It’s never been easier to be exactly the person you want to be.
Unlike the vast majority of people in the entire history of the world, you, person reading this on the internet, weren’t born into circumstances that dictated that you’d have to spend most of your waking life worrying about food or shelter. Without getting up, you can access more knowledge than Plato and Galileo and Newton had available over their entire lives. You can travel faster, further, and in greater comfort than any Roman emperor. You can eat like a caveman, or you can pick up the phone and access a greater selection of food than any monarch born before WWII could summon from the farthest corners of his/her kingdom.
Similarly, it’s never been easier to reshape your body and your mind. Whether you want to look like Ronnie Coleman or Eugen Sandow or Brad Pitt, the principles behind getting to that size and shape are pretty well-established. If you want to rewire your brain and become cleverer, happier, more confident, better, those tools are out there too. They’re not even terribly well-hidden.
So the only question left is: how much do you care? This isn’t a flippant question, and answering it on a regular basis is the key to self-improvement, being happy and staying sane.
Probably best to explain via an example. I, for reasons to do with playing a lot of Street Fighter 2 as a teenager, would quite like to be the best fighter in the world. Or at least better at fighting than I am, which I would describe as ‘good in comparison to most of the population, but not nationally competitive.’ It occupies quite a lot of my thinking time. I know, right?
Could I be much, much better at fighting than I am? Absolutely. While maintaining my job and relationship, I could make sure I never miss a class (at the expense of nights out with friends) make time to drill or ask questions or take notes or get private lessons. If I wanted to change things around a bit I could work less, save money by spending less on , and go to more classes. If I was really committed, I could get a job at the gym/dojo, train all the time and split up with my girlfriend.
I don’t do any of these things, obviously. I don’t do them for the same reason that you don’t do any of these things: I like going out with my friends, I love my girlfriend, I like my job and having spare cash to spend on stuff I want. I like cooking elaborate breakfasts on a Sunday morning, not being punched in the face.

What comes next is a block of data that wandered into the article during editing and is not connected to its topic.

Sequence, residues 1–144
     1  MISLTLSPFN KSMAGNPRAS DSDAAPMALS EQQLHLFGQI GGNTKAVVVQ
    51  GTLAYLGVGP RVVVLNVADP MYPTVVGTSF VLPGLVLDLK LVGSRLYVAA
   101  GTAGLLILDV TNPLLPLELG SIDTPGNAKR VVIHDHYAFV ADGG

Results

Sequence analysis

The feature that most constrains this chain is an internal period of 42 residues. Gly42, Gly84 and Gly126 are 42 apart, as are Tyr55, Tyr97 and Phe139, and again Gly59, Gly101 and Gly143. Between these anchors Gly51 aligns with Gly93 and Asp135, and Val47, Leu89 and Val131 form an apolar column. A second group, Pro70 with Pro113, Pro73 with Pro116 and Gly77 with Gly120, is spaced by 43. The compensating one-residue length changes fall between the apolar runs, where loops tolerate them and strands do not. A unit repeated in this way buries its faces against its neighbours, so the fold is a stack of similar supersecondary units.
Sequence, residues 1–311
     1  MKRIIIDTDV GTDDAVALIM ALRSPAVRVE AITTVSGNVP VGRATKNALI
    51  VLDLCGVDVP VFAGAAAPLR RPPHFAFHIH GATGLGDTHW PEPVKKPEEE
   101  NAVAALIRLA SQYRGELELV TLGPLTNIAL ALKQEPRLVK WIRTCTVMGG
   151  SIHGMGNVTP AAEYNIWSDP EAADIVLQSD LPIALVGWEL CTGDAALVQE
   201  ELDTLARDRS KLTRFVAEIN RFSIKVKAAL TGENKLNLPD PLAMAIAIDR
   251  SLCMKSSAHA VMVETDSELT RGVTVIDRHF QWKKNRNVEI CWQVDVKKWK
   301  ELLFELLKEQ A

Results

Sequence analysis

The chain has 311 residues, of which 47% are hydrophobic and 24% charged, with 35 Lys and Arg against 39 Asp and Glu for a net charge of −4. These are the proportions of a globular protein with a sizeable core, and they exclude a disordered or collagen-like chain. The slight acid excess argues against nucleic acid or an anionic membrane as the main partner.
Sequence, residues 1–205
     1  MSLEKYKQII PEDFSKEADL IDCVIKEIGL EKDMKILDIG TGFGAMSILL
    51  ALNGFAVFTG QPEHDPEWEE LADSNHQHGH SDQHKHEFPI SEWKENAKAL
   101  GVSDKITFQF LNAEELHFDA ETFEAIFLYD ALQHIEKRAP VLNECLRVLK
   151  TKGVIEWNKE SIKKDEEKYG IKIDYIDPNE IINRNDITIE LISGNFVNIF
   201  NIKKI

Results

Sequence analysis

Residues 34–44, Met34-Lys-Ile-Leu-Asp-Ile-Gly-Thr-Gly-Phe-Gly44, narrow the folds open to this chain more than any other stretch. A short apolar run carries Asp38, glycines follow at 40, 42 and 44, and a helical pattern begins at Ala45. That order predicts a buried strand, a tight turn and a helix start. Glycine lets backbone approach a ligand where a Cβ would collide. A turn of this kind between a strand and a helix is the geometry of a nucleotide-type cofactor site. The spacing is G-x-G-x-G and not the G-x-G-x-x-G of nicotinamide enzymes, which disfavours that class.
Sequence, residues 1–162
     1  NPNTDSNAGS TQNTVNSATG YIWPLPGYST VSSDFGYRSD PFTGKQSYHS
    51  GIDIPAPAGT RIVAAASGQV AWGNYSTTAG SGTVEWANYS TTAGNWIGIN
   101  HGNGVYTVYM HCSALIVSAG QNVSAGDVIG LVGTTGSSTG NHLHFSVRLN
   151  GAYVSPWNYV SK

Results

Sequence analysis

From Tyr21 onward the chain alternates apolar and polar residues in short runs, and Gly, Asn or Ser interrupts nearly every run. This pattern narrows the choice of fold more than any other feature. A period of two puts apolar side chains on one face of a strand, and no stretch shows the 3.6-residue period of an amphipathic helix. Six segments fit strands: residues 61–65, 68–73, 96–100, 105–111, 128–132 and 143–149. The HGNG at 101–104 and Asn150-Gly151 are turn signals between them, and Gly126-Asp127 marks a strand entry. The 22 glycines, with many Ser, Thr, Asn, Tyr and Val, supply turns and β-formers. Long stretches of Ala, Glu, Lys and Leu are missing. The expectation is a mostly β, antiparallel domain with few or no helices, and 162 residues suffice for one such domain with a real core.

So that’s how much I care about being brilliant at fighting: enough to train quite a lot, not enough to give up elaborate breakfasts. And that’s the key. By consciously embracing the process I can fine-tune it. Instead of blaming non-existent obstacles (lack of time or cash, lack of parental involvement when I was three, lack of talent), I can concentrate on the only real one (don’t care enough), identify steps I can take to change it, then apply them at a level I’m comfortable with.
And here’s the actual secret: this is the way everyone thinks about everything, but acknowledging the process is the difference between being happy and productive and being a frustrated mess. Do you want to get leaner more or less than you want to get wasted on Fridays or eat doughnuts for breakfast? Do you want to write a book more than you want to spend your weeknights hanging out with your friends? Do you want to improve yourself, or carry on the way you are? There’s no wrong way to answer, except for pretending that the question doesn’t exist. Don’t say you can’t do what you want: admit that you don’t care enough.
It’s never been easier to do anything you want. How much do you care?
HOMEWORK: Choose something you want to do: write a book, drop two percent bodyfat, learn Mandarin or whatever. Write down five things you could do this week to get you closer to that goal – ideally one simple, a few slightly trickier, and one totally outlandish. Stop eating crisps, write a plot outline, move to China, whatever. Decide whether or not you’re actually going to do them. Congratulations: you just realised how much you care.